Director, U of T Opera. A one-hour presentation

on the current U of T Opera production

of Jonathan Dove’s Mansfield Park, based

on the Jane Austen novel. There is also an

opportunity to attend the opera performance

at 2:30pm. The presentation is in Room

330, Edward Johnson Bldg., Faculty of Music,

80 Queens Park, Room 330. 416-924-3940.

Free. Note: There is a charge for admission to

the opera performance. See listings in Sections

A and C for details.

●●Mar 22 2:00: Classical Music Club

Toronto. Beethoven 250 (Part 3). Join us

for our ongoing project to celebrate the

250th anniversary of Beethoven’s birth.

Visit classicalmusicclubtoronto.org or

contact John Sharpe at 416-898-2549 or

torontoshi@sympatico.ca. Annual membership:

$25(regular); $10(sr/st). Free for

first-time visitors. Donations accepted for

refreshments.

●●Mar 30 7:30: Toronto Wagner Society.

D. In the Clubs (Mostly Jazz)

9:30pm Tangent. Mar 3 6:30pm Melissa Lauren

Quartet, 9:30pm Tangent. Mar 4 6:30pm

Worst Pop Band Ever, 9:30pm Jenna Marie

R&B. Mar 5 6:30pm Kevin Quain, 9:45pm

Tetrahedron Album Release. Mar 6 4pm

Hogtown Syncopators, 6:30pm James Hill’s

Local Talent, 9:45pm Tetrahedron Album

Release. Mar 7 12pm Terry Wilkins’ Uncle

Bass, 3:30pm Laura Hubert Band, 7pm Lester

McLean Trio+, 9:45pm O’Kane & Turcotte.

Mar 8 12pm Excelsior Dixieland Jazz Band,

3:30pm Red Hot Ramble, 7pm Julia Cleveland

Trio, 9:30pm Scotch. Mar 9 6:30pm

U of T Student Jazz Ensembles, 9:30pm Josh

Grossman’s Toronto Jazz Orchestra. Mar 10

6:30pm Melissa Lauren Quartet, 9:30pm

Chris Gale hosts the Rex Jazz Jam. Mar 11

6:30pm Worst Pop Band Ever, 9:30pm Peter

Hum Sextet. Mar 12 6:30pm Kevin Quain,

9:30pm Peter Hum Sextet. Mar 13 12pm Hogtown

Syncopators, 6:30pm James Hill’s Local

Talent, 9:45pm Hannah Barstow 6. Mar 14

12pm Terry Wilkins’ Uncle Bass, 3:30pm

George Lake Big Band, 7pm Lester McLean

Trio+, 9:45pm Roberto Occhipinti. Mar 15

12pm Excelsior Dixieland Jazz Band, 3:30pm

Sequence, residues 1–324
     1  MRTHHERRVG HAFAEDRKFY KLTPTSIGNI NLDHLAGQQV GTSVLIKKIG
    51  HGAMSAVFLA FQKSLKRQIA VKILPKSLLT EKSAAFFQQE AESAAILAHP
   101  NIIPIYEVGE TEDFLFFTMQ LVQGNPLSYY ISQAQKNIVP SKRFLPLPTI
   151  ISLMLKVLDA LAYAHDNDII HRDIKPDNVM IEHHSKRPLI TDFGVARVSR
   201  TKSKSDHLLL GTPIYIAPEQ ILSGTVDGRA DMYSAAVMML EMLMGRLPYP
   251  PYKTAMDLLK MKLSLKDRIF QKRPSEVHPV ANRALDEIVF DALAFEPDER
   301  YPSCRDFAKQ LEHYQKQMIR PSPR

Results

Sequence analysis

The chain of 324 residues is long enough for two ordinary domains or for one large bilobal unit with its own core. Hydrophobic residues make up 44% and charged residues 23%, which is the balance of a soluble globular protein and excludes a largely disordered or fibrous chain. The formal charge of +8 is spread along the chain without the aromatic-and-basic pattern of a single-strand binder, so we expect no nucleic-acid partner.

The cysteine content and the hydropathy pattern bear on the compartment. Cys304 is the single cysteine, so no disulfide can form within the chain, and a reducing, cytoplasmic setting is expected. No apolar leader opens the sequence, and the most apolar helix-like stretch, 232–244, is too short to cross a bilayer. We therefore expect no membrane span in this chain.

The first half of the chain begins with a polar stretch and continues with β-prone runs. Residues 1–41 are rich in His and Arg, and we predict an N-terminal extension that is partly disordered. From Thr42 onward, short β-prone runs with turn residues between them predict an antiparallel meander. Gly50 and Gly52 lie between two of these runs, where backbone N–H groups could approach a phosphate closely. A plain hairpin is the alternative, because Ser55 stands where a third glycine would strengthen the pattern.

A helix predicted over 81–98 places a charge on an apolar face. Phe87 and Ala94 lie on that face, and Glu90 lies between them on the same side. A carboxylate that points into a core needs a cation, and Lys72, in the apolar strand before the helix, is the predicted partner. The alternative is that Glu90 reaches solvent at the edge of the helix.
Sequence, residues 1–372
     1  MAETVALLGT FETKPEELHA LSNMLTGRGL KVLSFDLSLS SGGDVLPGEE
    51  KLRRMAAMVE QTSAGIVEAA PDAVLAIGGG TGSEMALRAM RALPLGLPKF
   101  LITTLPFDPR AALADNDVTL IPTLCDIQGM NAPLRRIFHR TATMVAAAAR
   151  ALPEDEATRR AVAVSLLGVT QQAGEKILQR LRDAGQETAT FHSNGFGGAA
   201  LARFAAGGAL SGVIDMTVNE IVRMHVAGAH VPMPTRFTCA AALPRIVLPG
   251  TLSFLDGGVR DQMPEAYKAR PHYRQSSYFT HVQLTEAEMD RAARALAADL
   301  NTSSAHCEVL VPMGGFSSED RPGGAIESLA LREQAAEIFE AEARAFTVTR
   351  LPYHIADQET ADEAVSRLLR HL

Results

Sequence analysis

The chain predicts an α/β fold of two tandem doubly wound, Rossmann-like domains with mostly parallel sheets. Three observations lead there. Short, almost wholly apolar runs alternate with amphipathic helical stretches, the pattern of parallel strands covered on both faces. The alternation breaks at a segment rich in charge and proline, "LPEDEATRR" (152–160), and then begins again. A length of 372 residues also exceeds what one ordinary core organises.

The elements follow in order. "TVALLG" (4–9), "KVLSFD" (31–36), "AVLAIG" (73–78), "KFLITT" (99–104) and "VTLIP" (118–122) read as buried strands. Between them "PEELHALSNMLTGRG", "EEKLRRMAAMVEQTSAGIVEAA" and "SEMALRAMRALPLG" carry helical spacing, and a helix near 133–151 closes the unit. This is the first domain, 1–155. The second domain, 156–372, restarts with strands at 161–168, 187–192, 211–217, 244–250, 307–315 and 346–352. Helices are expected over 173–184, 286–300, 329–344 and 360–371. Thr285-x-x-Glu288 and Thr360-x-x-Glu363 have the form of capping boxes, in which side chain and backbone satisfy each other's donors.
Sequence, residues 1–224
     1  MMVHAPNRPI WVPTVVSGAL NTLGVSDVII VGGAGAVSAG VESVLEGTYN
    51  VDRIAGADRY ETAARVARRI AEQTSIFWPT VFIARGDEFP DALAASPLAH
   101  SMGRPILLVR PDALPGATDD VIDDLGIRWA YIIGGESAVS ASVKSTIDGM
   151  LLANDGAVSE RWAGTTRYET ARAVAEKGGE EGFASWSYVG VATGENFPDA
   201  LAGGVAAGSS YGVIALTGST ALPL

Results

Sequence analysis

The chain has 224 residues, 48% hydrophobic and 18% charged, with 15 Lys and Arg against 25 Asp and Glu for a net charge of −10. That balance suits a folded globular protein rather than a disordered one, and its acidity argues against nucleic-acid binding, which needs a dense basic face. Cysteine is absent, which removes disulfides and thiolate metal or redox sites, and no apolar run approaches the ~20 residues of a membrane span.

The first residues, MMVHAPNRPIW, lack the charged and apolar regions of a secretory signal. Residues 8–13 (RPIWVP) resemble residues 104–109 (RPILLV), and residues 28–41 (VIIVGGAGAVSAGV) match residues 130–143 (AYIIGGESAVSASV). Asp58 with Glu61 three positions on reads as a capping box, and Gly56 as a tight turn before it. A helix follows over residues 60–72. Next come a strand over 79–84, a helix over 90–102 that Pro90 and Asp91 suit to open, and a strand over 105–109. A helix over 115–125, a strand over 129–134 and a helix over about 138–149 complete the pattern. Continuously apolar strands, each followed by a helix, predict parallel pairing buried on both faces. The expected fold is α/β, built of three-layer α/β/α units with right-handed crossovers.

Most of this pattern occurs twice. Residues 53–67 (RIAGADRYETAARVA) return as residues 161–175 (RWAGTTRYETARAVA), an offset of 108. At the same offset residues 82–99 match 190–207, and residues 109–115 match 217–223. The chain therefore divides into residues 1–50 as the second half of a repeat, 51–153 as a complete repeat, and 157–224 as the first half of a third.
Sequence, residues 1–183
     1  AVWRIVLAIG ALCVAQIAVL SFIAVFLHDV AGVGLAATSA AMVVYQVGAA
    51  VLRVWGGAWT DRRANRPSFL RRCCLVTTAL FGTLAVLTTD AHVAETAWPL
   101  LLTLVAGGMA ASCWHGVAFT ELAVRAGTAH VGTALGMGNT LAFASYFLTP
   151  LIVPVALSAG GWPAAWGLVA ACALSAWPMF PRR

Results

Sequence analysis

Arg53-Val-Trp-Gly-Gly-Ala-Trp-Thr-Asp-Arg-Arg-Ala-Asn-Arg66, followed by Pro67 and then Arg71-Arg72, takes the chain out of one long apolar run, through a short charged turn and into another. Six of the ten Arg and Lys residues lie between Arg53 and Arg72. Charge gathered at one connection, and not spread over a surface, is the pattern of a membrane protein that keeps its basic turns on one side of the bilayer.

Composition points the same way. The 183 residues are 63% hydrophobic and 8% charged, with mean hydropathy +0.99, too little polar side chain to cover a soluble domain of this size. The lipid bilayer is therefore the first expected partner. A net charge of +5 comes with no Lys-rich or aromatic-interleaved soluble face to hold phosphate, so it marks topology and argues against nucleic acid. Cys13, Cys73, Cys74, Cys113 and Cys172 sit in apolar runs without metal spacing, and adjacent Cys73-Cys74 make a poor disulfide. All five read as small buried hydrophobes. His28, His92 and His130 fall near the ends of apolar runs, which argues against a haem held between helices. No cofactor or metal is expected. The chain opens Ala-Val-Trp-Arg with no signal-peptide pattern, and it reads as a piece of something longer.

Beverly Taft Quartet, 7pm Julia Cleveland Trio,

9:30pm Alex Kapo Quintet. Mar 16 6:30pm

U of T Student Jazz Ensembles, 9:30pm Terry

Promane’s U of T 12tet. Mar 17 6:30pm Melissa

Lauren Quartet, 9:30pm Curtis + Garabedian

+ Sperrazza. Mar 18 6:30pm Worst

Pop Band Ever, 9:30pm Curtis + Garabedian

+ Sperrazza. Mar 19 6:30pm Kevin Quain,

9:30pm Mark Kelso’s Jazz Exiles. Mar 20

12pm Hogtown Syncopators, 6:30pm James

Hill’s Local Talent, 9:30pm Mark Kelso’s Jazz

Exiles. Mar 21 12pm Terry Wilkins’ Uncle Bass,

3:30pm Swing Shift Big Band, 7pm Lester

McLean Trio+, 9:45pm Elizabeth Shepherd.

Mar 22 12pm Excelsior Dixieland Jazz Band,

3:30pm Dr. Nick and The Rollercoasters, 7pm

Julia Cleveland Trio, 9:30pm Jacob’s Cattle.

Mar 23 6:30pm U of T Student Jazz Ensembles,

9:30pm Chris Hunt Tentet + 2. Mar 24

6:30pm Melissa Lauren Quartet, 9:30pm

E. The ETCeteras

Chris Gale hosts the Rex Jazz Jam. Mar 25

6:30pm Worst Pop Band Ever, 9:30pm Noah

Franche-Nolan Trio. Mar 26 6:30pm Kevin

Quain, 9:30pm Spin Cycle. Mar 27 12pm Hogtown

Syncopators, 6:30pm Autobahn Trio,

9:30pm Spin Cycle. Mar 28 12pm Terry Wilkins’

Uncle Bass, 3:30pm Paul Reddick Blues,

7pm Neon Eagle, 9:45pm Dave Young Quintet.

Mar 29 12pm Excelsior Dixieland Jazz

Band, 3:30pm Murphy Bros. All-Stars, 7pm

Julia Cleveland Trio, 9:30pm Barry Romberg

Group. Mar 30 6:30pm U of T Student

Jazz Ensembles, 8:30pm John MacLeod’s Rex

Hotel Orchestra. Mar 31 6:30pm Melissa Lauren

Quartet, 9:30pm Chris Gale hosts the

Classic Rex Jazz Jam.

Salty Dog Bar & Grill, The

1980 Queen St. E. 416-849-5064

thesaltydog.ca (full schedule)

Every Tue 7-10pm Jazz Night. Every

Thu 8:30pm Karaoke. Every Fri 9:30pm

Blues Jam - house band with weekly featured

guest. Every Sat 3pm Salty Dog Saturday

Matinée.

Sauce on Danforth

1376 Danforth Ave. 647-748-1376

sauceondanforth.com

All shows: No cover.

Every Mon 9pm Gareth Parry’s Book Club.

Every Tue 6pm Julian Fauth. Every Wed Paul

Reddick & Friends. Every Thu 8pm Steve

Koven and Artie Roth. Sat and Sun Matinees

4pm various performers.

The Senator Winebar

249 Victoria St 416 364-7517

thesenator.com (full schedule)

Tranzac